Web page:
Why the Bad Guys Get Away in Afghanistan

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Marines search for clues on Jan. 1 at an al-Qaeda hideout in Helmand province

It?s become a familiar pattern: Afghan elders were spared further agonizing over whether to hand over a 14-year-old boy accused of killing American Sergeant Nathan Roy Chapman last week when it emerged Monday that the boy had escaped. The previous week, Afghan militiamen had claimed to be closing in on fugitive Taliban leader Mullah Omar in Helmand province, but then the one-eyed cleric simply vanished. A month earlier at Tora Bora, local fighters claimed to have surrounded Osama bin Laden and some 2,000 of his henchmen in the cave complex, but by the time the last grotto fell, some 1,800 of those fighters — and bin Laden himself — were nowhere to be found.

The fact that man dubbed "the evil one" by President Bush remains at large is deeply frustrating to Washington, denying America a bit of closure over the September 11 attacks. And while Mullah Omar's capture may be of limited military and political significance, it remains an almost embarrassing failure given the priority it has been accorded. After all, the one-eyed "commander of the faithful" is no slick cosmopolitan terrorist trained in the dark arts of conspiracy. He's simply a deluded peasant mystic who, having lost the key pillars of his power — military support from Pakistan and al Qaeda, and financial support from Saudi Arabia — has simply headed for the hills in his Pashtun heartland. The fact of his continued freedom signals the limited enthusiasm of the warlords that have replaced the Taliban for hunting him down.

The good news

Of course, the fact that America's two most-wanted men in Afghanistan have thus far eluded capture does little to change the political and military facts of what has transpired there: U.S. military power has smashed a noxious regime that had defiantly harbored the headquarters and engine room of the largest transnational terror corporation in history. Al Qaeda has suffered significant losses and, more importantly, has lost the sanctuary that allowed it to reproduce and expand its terror networks. The battle to uproot and eliminate those networks may yet take years, but it will be waged primarily by the world's law enforcement and intelligence services. Al Qaeda no longer has de facto control over a whole country, and the world is a safer place for it.

Still, the ground war against the Taliban and al Qaeda has been waged primarily by Afghan forces happy to take advantage of American logistical and air support to vanquish their foes and stake their own claims for power. That alliance between the U.S. and its Afghan proxies has been, inevitably, one of convenience rather than of principle. The shared goal was breaking the Taliban's grip on power and putting to flight the al Qaeda volunteers who had helped keep it in place — while the Afghan warlords have expressed commitment to help America snare its quarry in order to stay on the right side of the superpower that facilitated their victory, such verbal commitment has meant relatively little on the ground. Even the new prime minister, Hamid Karzai, appeared ready six weeks ago to simply let Mullah Omar fade into obscurity, before the Americans twisted his arm into promising to arrest the fugitive Taliban leader.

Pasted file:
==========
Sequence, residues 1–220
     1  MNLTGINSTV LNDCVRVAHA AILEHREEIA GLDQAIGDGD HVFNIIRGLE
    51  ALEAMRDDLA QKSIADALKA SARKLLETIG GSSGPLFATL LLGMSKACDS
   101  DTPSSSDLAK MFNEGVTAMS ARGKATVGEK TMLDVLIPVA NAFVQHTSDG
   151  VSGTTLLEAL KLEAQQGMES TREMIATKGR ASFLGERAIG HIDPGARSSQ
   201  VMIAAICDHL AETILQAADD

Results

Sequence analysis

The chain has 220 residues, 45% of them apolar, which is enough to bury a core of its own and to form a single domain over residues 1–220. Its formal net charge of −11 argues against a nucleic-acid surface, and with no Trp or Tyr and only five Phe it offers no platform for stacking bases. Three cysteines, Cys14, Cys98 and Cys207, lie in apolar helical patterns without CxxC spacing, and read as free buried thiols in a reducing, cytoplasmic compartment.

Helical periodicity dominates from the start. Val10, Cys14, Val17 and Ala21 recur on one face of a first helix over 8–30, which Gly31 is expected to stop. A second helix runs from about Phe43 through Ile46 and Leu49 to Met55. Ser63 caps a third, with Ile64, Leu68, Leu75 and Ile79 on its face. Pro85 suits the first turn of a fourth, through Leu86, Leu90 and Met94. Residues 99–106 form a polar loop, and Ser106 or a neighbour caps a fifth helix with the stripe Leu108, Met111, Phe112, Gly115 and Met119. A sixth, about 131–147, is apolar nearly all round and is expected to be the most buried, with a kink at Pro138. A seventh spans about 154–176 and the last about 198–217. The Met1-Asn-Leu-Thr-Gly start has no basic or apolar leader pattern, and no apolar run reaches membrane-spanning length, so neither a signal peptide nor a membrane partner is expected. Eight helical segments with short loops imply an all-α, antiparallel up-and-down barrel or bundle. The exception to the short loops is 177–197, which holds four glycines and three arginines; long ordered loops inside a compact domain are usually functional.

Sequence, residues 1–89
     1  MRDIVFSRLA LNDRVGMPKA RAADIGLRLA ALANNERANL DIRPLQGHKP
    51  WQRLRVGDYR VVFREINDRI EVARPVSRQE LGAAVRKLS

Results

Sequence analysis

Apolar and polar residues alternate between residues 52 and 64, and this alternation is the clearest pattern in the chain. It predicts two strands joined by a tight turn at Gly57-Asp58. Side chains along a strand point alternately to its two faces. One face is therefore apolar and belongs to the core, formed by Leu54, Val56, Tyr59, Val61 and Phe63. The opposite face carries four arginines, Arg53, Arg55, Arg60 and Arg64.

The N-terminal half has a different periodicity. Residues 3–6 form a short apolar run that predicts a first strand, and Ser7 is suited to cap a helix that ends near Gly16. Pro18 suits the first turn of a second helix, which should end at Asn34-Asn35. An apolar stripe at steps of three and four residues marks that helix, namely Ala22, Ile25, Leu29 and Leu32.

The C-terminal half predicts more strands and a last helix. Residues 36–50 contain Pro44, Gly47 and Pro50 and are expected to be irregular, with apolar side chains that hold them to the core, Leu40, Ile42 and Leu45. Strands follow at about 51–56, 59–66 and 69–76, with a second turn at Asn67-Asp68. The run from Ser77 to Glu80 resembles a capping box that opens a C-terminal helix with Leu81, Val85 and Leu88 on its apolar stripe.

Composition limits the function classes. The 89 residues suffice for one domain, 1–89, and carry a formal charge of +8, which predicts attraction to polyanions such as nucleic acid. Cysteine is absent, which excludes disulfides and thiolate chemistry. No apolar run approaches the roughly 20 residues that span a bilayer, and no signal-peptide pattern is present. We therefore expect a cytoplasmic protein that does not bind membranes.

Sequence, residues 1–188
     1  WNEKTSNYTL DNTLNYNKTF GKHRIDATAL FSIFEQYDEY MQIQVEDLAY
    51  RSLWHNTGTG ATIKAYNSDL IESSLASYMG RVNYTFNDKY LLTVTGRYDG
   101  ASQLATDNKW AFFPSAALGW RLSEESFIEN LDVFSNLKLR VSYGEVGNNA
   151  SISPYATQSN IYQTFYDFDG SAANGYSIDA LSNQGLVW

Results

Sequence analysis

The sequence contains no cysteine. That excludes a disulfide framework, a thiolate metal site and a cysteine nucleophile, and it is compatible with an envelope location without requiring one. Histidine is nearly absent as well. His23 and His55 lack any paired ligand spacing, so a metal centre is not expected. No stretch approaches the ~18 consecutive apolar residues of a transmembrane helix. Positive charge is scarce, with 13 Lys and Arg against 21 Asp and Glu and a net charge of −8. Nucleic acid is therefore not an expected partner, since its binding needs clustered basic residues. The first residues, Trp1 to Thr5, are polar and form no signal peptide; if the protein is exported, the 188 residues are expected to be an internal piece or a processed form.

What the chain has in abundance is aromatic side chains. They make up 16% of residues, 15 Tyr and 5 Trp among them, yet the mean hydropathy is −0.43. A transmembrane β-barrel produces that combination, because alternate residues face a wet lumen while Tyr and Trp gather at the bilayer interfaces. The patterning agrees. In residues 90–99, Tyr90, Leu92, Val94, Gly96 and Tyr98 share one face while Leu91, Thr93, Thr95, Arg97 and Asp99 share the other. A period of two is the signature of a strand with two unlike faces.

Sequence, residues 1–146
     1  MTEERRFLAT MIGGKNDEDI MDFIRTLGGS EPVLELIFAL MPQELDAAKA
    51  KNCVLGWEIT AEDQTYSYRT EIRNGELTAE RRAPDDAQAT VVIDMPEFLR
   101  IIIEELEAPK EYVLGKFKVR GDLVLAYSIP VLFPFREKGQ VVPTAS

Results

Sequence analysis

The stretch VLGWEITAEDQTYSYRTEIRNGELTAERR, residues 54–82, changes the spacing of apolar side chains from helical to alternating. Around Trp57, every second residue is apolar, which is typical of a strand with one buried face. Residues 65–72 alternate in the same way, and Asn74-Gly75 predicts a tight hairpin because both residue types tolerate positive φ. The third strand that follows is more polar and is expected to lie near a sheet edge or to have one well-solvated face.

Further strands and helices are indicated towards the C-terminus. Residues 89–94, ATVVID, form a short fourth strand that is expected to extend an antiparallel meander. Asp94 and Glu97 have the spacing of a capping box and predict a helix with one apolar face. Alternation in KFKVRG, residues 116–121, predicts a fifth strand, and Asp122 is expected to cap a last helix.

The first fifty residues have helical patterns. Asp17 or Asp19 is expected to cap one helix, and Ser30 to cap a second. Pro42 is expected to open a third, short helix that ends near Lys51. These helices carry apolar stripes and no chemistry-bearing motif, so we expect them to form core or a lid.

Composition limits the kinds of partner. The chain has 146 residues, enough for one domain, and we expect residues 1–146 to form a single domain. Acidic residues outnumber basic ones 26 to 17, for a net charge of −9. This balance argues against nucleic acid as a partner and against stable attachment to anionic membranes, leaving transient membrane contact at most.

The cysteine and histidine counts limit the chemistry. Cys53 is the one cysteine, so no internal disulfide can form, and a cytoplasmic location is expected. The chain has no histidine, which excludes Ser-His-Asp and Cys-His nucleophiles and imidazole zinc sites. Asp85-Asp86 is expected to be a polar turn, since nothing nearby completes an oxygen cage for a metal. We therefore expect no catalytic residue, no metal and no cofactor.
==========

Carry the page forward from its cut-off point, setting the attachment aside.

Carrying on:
Meet the new warlord

Victory over the Taliban has been more in the nature of a realignment than a rout. Many of the local commanders on whose support it had depended simply switched sides or negotiated sweet surrender deals once the writing was on the wall — for the most part their men kept their weapons, and once the American bombers had tipped the tactical balance, towns changed hands in traditional warlord horse-trading rituals rather than in pitched battles. Even though they no longer control any significant territory, the Taliban's thousands of fighters may remain an asset prized by various warlords in their continuing turf battles for control over southern Afghanistan. And such calculations may be hindering the hunt for Mullah Omar.

The unfinished business of the Afghan campaign has left the U.S. in an uncomfortable position. Washington is being forced to commit more of its own troops to ground missions in pursuit of both fugitive leaders and against pockets of Taliban and al Qaeda fighters, which substantially increases the risk of American combat casualties. But casualties have been so few that there's no danger of an erosion of public support for the effort. And the U.S. military has moved nimbly to shift public expectations away from the idea that American forces are hunting fugitives — the mission is being firmly framed in terms of eliminating pockets of resistance and preventing al Qaeda regrouping.

The new government in Kabul is likely find itself under mounting pressure from its own constituents to restrain U.S. air strikes — Taliban and al Qaeda holdouts will have almost certainly sought shelter amid the civilian population precisely to raise the political costs of continuing to attack them from the air. But Afghanistan's new rulers won't stand in the way of the nation that has facilitated every step of their victory over the Taliban, even if that means absorbing the pain of continued air strikes. Karzai has emphasized that the U.S. is welcome to wage war on his territory until it has eradicated terrorists. Still, it is precisely in this moment of victory over the Taliban that the differences between the priorities of the U.S. and of its Afghan proxies have become clear.